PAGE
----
Figure 2. Links between DVOs in SITRAS

The lane changing in SITRAS is formed based on the Gipps model with some alterationsand additions.

To begin with : is lane changing necessary?

The result of the evaluation of a reason may be one of ‘Essential’, ‘Desirable’ and ‘Unnecessary’. If lane changing is found to be ‘Essential’ for any reason, the rest of the reasons are not evaluated.

Summary flowchart of the lane changing process in SITRAS

For the following situations the ‘Essential’, ‘Desirable’ and ‘Unnecessary’ are defined in seconds or in meters according to case:

Turning movement

End-of-lane

Incident

Transit lane

Speed advantage

Qeueu advantage

The selection of terget lane is as in Gipps model.

Is lane change to target lane feasible?

The lane change is feasible if:

(a) the deceleration (or acceleration) required for the subject vehicle to move behind the new

leader vehicle is acceptable, and

(b) the deceleration required for the new follower vehicle to allow the subject vehicle to move into the lane is acceptable

The accelaration is calculated with the car following model of this program and then is compared with the ‘acceptable acceleration’ bn calculated using a modefied format of the formula suggested by Gipps:

Where:

bn is the acceptable deceleration of vehicle n

D is the location of the intended turn or lane blockage

xn(t) is the location of vehicle n at time t

Vn is the desired speed of vehicle n(free)

bLC is the average deceleration a vehicle is willing to accept in lane changing

θ is the driver aggressivity parameter

The driver aggressivity parameter is included to represent individual differences among drivers. In SITRAS each driver-vehicle object is assigned a driver type parameter, a number between 0 and 99. Larger numbers represent more aggressive drivers. The driver type is drawn from a normal distribution when the driver-vehicle object is created. In the formula of the acceptable deceleration the driver aggressivity parameter is calculated differently for the two conditions:

For condition (a) it is the ratio of the subject vehicle driver type to the _average_ driver type (i.e. driver type =50). Thus, the leader vehicle has no effect on the acceptable acceleration, it depends only on the aggressivity parameter of the subject driver.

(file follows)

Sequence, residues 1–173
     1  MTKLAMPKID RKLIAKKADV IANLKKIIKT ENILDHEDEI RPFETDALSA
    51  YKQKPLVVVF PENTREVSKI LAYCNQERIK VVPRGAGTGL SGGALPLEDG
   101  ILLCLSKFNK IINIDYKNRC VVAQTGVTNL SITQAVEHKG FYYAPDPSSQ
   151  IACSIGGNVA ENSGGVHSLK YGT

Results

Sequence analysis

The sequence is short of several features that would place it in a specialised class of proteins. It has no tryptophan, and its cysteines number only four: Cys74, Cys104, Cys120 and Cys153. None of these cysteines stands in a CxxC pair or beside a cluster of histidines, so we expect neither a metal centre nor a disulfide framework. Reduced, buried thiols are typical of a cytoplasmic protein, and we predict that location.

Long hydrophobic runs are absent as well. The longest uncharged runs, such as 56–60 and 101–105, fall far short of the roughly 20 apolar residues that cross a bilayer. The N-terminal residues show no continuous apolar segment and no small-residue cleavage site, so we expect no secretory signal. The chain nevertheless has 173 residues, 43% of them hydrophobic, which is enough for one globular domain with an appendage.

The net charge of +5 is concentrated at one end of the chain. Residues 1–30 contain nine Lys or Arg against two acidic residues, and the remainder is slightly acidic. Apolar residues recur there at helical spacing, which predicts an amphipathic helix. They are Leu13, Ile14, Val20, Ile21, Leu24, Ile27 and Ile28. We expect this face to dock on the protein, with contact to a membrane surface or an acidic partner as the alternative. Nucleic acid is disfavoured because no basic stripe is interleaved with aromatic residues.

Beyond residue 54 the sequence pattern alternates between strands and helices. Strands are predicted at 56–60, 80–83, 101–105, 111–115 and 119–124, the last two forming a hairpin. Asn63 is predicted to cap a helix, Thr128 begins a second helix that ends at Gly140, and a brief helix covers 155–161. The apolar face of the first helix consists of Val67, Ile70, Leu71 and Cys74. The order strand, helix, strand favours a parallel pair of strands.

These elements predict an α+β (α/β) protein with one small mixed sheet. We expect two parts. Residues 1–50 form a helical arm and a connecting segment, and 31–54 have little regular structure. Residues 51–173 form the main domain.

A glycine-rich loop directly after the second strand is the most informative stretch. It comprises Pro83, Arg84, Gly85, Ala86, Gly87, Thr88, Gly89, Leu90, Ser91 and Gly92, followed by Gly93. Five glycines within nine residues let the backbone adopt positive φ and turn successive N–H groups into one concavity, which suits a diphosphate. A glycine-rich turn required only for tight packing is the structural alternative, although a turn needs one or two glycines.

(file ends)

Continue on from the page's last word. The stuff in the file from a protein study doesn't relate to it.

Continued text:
For condition (b) it is the ratio of the subject vehicle driver type to the new follower vehicle

driver type. Thus, the more aggressive the subject vehicle driver compared to the new follower vehicle driver, the higher the acceptable deceleration.

The forced lane changing algorithm developed in SITRAS is based on a ‘driver courtesy’

Concept as called by the author. The vehicle which wants to change lane sends a ‘courtesy’ request to subsequent vehicles in the target lane; the request is evaluated by each vehicle and depending on several factors such as the speed, position and driver type of the responding vehicle, it is either refused or accepted. When a vehicle ‘provides courtesy’ to another vehicle it reduces its acceleration to ensure that a free gap of sufficient length is created during the next few seconds for the lane changing vehicle. The concept is illustrated in the Figure 4.

Figure 4. Schematic represantation of the forced lane changing concept

Starting from the ﬁrst vehicle in the target lane which is located behind the subject vehicle, the deceleration required for each potential new follower vehicle to allow the subject vehicle to move into the target lane is calculated from the car-following model. This deceleration is compared with the ‘acceptable’ deceleration with the only deference that the driver aggressivity parameter is taken as the ratio of the ‘average’ driver type (i.e. driver type=50) to the driver type of the potential new follower vehicle; that is, it depends only on the aggressivity of the potential follower vehicle, and that the more aggressive the driver of the potential follower vehicle, the less deceleration it is prepared to accept. If the deceleration required for the vehicle is less than the maximum acceptable, the vehicle is selected to provide ‘courtesy’ to the subject vehicle, otherwise the evaluation continues with the next vehicle in the platoon. Once the new follower vehicle is found in the target lane, its acceleration is calculated by the car following model with respect to the subject vehicle in the adjacent lane instead of its current leader in the same lane. At the same time, the acceleration of the subject vehicle is calculated with respect to its new leader vehicle in the target lane instead of its current leader in the same lane. Consequently, the new follower vehicle will gradually slow down, while the new leader vehicle will pass the subject vehicle and a gap of suﬃcient size will be created which will ﬁnally allow the subject vehicle to move into the target lane.